Safe at home week 5. Passover and Easter, check.
I had a precious grocery delivery scheduled for a few days before Passover. I was hoping to get things for the seder, including a 3 pound ish beef roast.
I unpacked the groceries. I didn’t disinfect them. We got a lot of what we needed and a few substitutions.
There were no chocolate chips, so they substituted coconut milk. There was no gefilte fish. Who bought all the gefilte fish? And then I pulled half a cow out of one bag.
It was a $60, nine-pound beef roast. Holy shmolies. Of all the years to have enough meat to feed all the Jews in my town.
Yes, there aren’t many Jews here. Which makes me wonder about the gefilte fish.
I called Peapod. It was the last thing I wanted to do. I’ll suck up the $4 for coconut milk that won’t turn into chocolate chip cookies, but $60?
Peapod tells me,
“We’re experiencing high call volumes.” CLICK
They didn’t even let me stay on hold. I finally get through. They give me a $35 refund for 6 pounds of beef I wasn’t expecting and I got to keep it! A Passover miracle.
The day of the seder arrives. The chunk of cow is on the table. BB has so many questions and that’s in addition to her required 4 questions.
I don’t know where the Jewish seder references fall with my readership, but had to go for that one.
We’ve been very open with BB about where meat comes from. She’s always enjoyed it and in the past has said things like,
“More piggy please!”
All of a sudden she’s very concerned about the cow.
“Is the cow not at the farm anymore? How did it die? Where did all the blood come from? Why do we eat it?”
“Some people don’t eat meat. You don’t have to if you don’t want to.”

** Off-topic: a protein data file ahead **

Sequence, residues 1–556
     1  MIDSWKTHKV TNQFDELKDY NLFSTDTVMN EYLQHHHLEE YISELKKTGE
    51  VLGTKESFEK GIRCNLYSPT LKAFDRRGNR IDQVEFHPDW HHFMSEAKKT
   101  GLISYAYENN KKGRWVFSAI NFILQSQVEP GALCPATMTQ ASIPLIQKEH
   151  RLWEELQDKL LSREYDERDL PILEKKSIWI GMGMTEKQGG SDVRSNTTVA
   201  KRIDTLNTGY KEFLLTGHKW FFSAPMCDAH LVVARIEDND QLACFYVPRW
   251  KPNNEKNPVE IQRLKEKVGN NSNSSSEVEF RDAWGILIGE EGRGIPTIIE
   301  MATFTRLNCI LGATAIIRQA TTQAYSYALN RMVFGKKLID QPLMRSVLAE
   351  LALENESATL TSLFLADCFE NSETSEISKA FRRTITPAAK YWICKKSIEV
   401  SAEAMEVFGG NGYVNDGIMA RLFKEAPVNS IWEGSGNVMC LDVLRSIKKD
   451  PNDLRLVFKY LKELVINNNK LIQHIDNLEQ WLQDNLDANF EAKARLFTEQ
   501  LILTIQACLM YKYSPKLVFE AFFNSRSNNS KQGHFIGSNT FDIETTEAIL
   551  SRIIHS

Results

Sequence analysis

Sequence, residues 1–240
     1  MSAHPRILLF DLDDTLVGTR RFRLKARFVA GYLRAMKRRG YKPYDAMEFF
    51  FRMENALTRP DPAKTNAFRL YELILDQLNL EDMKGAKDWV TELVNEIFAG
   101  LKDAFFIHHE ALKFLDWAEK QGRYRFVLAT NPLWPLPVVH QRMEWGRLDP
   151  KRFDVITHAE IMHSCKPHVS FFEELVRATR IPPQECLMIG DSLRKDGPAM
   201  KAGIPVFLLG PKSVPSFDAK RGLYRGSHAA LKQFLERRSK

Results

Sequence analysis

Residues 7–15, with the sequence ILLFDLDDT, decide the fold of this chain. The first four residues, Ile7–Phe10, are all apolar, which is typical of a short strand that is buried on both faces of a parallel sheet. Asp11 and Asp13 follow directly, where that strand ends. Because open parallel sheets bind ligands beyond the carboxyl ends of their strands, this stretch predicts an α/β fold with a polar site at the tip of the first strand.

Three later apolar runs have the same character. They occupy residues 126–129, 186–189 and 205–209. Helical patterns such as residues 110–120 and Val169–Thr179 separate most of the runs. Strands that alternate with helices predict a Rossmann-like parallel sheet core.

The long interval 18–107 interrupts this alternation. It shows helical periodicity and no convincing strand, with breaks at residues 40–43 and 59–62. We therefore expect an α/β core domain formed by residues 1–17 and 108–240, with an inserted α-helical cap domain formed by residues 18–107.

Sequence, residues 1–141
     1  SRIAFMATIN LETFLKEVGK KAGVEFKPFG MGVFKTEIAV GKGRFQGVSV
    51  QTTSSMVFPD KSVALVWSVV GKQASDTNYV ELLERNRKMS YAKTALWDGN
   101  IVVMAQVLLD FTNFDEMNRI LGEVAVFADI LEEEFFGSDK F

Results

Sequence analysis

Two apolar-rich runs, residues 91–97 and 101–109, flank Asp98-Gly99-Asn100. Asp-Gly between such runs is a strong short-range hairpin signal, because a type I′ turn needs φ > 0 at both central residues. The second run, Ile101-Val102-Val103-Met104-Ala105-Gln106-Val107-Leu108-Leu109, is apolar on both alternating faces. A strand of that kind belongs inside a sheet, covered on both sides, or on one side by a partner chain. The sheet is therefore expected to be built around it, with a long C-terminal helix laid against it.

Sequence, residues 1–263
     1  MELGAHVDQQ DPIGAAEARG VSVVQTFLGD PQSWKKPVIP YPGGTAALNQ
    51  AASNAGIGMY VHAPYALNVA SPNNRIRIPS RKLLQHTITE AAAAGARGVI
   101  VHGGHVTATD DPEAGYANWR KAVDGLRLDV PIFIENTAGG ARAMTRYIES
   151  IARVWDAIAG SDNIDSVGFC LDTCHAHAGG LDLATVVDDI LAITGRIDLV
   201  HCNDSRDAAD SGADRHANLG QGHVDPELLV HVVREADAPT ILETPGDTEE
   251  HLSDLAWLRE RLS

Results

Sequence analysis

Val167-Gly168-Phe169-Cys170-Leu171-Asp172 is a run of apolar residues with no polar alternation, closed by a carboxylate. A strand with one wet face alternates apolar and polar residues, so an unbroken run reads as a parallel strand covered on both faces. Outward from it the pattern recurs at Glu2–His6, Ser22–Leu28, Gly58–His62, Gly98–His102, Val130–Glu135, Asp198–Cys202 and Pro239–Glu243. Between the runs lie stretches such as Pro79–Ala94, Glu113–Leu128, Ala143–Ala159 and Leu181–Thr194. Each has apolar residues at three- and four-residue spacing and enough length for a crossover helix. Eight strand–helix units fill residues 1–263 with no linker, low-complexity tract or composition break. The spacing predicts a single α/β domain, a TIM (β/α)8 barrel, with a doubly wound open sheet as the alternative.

“Many reasons including it’s not nice to the animals.”
“What about plants? Is it not nice to eat plants?”
“I don’t know about that, but we’ve gotta eat something.”
We ate this 9 pound roast for 4 nights and I’m still snacking on it a week later. BB’s questions were unrelenting. She seemed ready to swear off all meat. I mention,
“Just so you know, hot dogs, meatballs and dino chicken nuggets are all made from animals.”
These are three of her five favorite food groups.
As we filled the kiddush cup for Elijah, BB started sobbing. BB is terrified of all these characters: Santa, the Easter Bunny, Elijah, life-size Elsa.
Saturday night she sits down with Captain to make a list for the Easter Bunny. I mention,
“It’s a little late for this, the Easter Bunny finalized orders 2 weeks ago.”
“Maybe you can guide us in the right direction? Jelly beans?”
Not that jelly beans were sold out, it’s more why would the Easter Bunny bring something that I don’t want to eat?
BB leaves her lists in the living room and goes to bed. Using brown paint, Captain covers her lists with bunny footprints.
Easter morning she’s thrilled, but she has questions, so many questions.
“The bunny had muddy feet? Where did the bunny get muddy? Is it on the carpet?”
Seems like all of this can’t hold up to much more scrutiny.
After a breakfast of chocolate bunnies, chocolate eggs and more chocolate eggs, BB poops in the potty, which is usually rewarded with a treat. I offer one. BB replies,
“Too many treats. Maybe tomorrow.”